Hello, everyone! I hope that you’re all having a wonderful week so far!
The Adventures of Silver Girl seems to be doing well, which has me super excited. There’s not a lot better than seeing a story that means so much to me succeed. Thank you to everyone who bought a copy, who shared that it’s released… All of you mean a lot to me, because without my fans there would be no point in me doing this–at least not as prolifically as I do it!
Another book released from me this week of course, that being the third volume of my flash fiction series, Pocket Watches and Glazed Eyes: Twenty Tales of Erotic Mind Control.
And of course, if you didn’t know, I update my website the day a new release drops, so it’ll always be on the front page ready for you to click and pick up a copy!
That said, you can tell by the title of this blog post that it’s a bit of a big one this week. It’s Trans Awareness Week, which leads right into the Day of Remembrance. It’s a day with a lot of significance, especially because until quite recently literally the only time that you’d hear about trans people was if they were victims of violence. Now you’ll hear about important trans people who are activists, who contributed dramatically to the history of computing, of entertainment, of literature… but that didn’t used to be a thing.
There was one other way that you’d hear about trans people–and that was a punchline. Our media had a very clear message: trans people are a joke, and then they’re killed for being trans. “Trans Panic” is still a legal defense usable in many jurisdictions. To summarize, it means if you kill a trans person and say it’s because you were so shocked they were trans you panicked and killed them, you can get off without consequence/penalty. How’s that for devaluing human lives?
The only way that I discovered there was a difference between transvestites and transgendered people was via reading the Chuck Palahniuk book “Invisible Monsters” and then doing online searches because it seemed so… impossible. Not in a way I wanted to mock, but it seemed like something the world had denied as existing for my whole life.
I was pretty young at the time, sixteen or seventeen. That experience changed my life, and allowed me to begin my transition, to be able to live my life in a way that actually makes me happy about my identity. These days young people learn what it means to be trans through hearing about bathroom bills or other things that demonize the trans experience–or people trying to protect trans people from that. The landscape has changed a lot, and I hope it will continue to change. No one deserves abuse for their identity.
I’ve stayed stealth online because to me, being trans is not something that I enjoy having as an active part of my identity. While to say there’s no difference between being a trans or cis woman would be disingenuous at best, I still dislike being defined by my status as a trans woman. I respect those who loudly celebrate this aspect of their identity, but I do not identify similarly. Maybe it’s due to the many abuses I’ve suffered, from being assaulted, degraded, harassed, stalked… but it’s regardless how I interface with who I am. It probably doesn’t help that before more trans voices started to emerge in the Erotic Mind Control Community, and the Hypno Community, they were pretty… backwards about trans issues.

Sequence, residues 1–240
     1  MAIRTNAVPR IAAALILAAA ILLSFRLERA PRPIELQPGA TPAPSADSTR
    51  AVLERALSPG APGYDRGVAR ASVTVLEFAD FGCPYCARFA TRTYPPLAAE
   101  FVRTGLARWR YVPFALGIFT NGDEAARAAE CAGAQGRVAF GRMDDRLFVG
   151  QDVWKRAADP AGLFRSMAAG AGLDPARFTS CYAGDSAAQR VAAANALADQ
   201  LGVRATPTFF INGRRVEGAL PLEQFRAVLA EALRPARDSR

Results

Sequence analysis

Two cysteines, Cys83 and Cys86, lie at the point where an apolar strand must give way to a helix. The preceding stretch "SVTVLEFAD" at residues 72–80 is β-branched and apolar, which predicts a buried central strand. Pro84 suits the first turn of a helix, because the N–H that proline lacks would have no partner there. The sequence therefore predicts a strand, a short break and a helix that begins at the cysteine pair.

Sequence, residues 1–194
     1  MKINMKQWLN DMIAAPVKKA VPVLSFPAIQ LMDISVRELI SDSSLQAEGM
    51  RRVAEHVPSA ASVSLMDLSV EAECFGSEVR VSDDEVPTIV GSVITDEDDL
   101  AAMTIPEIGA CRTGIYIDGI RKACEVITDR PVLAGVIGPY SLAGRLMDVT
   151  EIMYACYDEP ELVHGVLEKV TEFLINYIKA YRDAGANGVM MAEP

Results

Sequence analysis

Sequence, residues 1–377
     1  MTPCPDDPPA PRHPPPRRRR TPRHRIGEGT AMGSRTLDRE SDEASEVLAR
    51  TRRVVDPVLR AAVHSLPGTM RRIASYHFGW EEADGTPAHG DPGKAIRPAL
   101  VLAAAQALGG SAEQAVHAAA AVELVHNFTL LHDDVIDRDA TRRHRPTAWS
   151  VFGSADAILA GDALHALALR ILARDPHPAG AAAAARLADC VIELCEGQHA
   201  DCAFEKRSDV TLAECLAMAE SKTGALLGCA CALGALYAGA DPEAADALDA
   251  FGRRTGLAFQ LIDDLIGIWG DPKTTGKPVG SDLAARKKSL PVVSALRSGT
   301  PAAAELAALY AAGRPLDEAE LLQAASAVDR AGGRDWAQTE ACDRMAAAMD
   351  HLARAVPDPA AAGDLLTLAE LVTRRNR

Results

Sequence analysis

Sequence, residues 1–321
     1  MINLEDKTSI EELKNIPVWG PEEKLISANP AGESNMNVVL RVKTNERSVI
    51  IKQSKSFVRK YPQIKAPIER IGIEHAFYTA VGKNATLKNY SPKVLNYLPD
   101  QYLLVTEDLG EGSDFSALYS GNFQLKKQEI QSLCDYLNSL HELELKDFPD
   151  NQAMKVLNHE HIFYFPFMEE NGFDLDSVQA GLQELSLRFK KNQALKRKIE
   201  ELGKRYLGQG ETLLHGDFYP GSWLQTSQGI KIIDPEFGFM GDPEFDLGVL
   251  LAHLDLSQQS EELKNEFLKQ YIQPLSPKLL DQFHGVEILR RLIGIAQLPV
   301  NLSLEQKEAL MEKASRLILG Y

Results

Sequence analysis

It’d be pretty fair to say ‘downright shitty.’
Why am I posting this now? While I don’t like it being a part of my identity that is used to define me, I also hate how hiding it has kept me silent. Truscum attitudes are often an accepted part of both communities, and they should not be. Casual transphobia is hardly rare as I’d like. That there are trans people who are loudly and aggressively trans as a counter to abuses against them is not surprising. It’s not my reaction? But I respect it. I value it. I won’t silence it.
I don’t intend to make this something I talk about very often, but there has been too much death, too much injury, too much abuse, and too much suffering associated with trans identities, and as someone who has been told by more than one person that I was important in helping them define their sexuality… I don’t want to force myself to be silent all the time because I want to stay in the shadows while also not wanting to appear to be using ‘assumed cis’ privilege to discuss trans issues.
This is a week of awareness, because even in a time where people are aware trans people exist the awareness that many trans people are self-isolated because of a world that has taught them they are unwelcome, unsafe, and unwanted… that’s not as well examined. The issue of “should trans people be allowed to pee without harassment” is a major one, but it all comes down to a question of “should trans people be allowed to exist without constant abuse” and it’s all too obvious far too many people say ‘no’ on a regular basis.
This trans week of awareness, try to be aware of the trans voices around you, of the potentially trans people around you that you are unaware of, and the future trans people who will live in this world and need to interact in it based on how we grow our society today.
Let’s make it so the Day of Remembrance doesn’t need to add more names.
Let’s make it instead, so more trans people feel safe existing.
Until next time, take care of yourselves, and each other.